The Real Scoop on Your Dependency and Suffering
Don't let anyone shame you for being "too dependent."
Posted November 28, 2020 | Reviewed by Lybi Ma
Dependency has gotten a bad rap. (Can’t you say “interdependency"? a colleague wonders.) The fact is, we all depend on others. It’s part of the human condition. We can pretend this isn’t so when we’re young and healthy and our work is going well.
But even when things are moving along swimmingly, we all rely on multiple services, systems, and structures just to get through the day. We don’t notice this fact when all goes well, as it often does for middle-class folks. But let’s say your computer crashes, your health insurance gets canceled, your best friend moves away, your car gets stolen, and you can’t ﬁnd a dentist in an emergency. When the systems that support you break down, you learn just how dependent you really are.
The cultural emphasis on independence is so strong that we may actually feel ashamed of our dependence. The shaming of people who have special emotional or physical needs runs so deep that we fail to question it, yet we need to. Writer Anne Finger puts it so well. “We have this notion that some dependencies are OK and others are not,” she writes. “It’s OK to need a car; it’s not OK to need a wheelchair. It’s OK to go to a hairstylist to get your hair done; it’s not OK to need an attendant to wash your face and hands.”
People may also feel shame for their honest suffering. Everyone suffers sometimes, yet we’re taught to tuck it away, to deny grief rather than welcome its expression. As bell hooks notes, we may feel shame especially about grief that lingers: “Like a stain on our clothes, it marks us as ﬂawed, imperfect. To cling to grief, to desire its expression, is to be out of sync with modern life, where the hip does not get bogged down in mourning.”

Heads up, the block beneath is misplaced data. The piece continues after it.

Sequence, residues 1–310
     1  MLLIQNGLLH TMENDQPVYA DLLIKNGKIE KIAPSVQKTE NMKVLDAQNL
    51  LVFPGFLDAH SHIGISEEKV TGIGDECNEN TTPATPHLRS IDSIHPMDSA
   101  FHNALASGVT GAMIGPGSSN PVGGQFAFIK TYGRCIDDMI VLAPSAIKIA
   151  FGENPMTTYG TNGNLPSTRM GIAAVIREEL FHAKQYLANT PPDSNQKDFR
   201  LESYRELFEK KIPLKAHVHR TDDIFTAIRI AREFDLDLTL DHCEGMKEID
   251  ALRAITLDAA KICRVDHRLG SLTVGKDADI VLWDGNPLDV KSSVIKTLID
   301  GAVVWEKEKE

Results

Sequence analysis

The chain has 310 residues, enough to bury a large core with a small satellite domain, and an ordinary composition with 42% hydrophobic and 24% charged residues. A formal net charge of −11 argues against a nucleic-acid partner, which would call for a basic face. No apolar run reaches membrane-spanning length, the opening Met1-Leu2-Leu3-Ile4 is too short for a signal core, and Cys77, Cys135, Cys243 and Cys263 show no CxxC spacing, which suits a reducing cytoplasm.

Surrendering to forces or events larger than we are isn’t our cultural orientation. We have a constitutional right to pursue happiness (not truth or wisdom, mind you), and it’s our job to “take control of our lives” and run the show. We’re expected to turn even the most unfathomable losses into an opportunity for personal growth. Writer Michael Ventura calls this cultural expectation our “consumer attitude toward experience,” and notes that other cultures ﬁnd this attitude unnatural.
Dependency and suffering are essential components of the human condition. Sooner or later, harsh experience teaches us how much we need each other. The only aspect of either that’s really shameful is the persistent and false societal belief that people can bootstrap their way to health, wealth, and happiness. In fact, it’s wise to get some experience in voicing your vulnerability and strengthening your connections during calmer times—before the universe sends you a crash course on how much you really need people.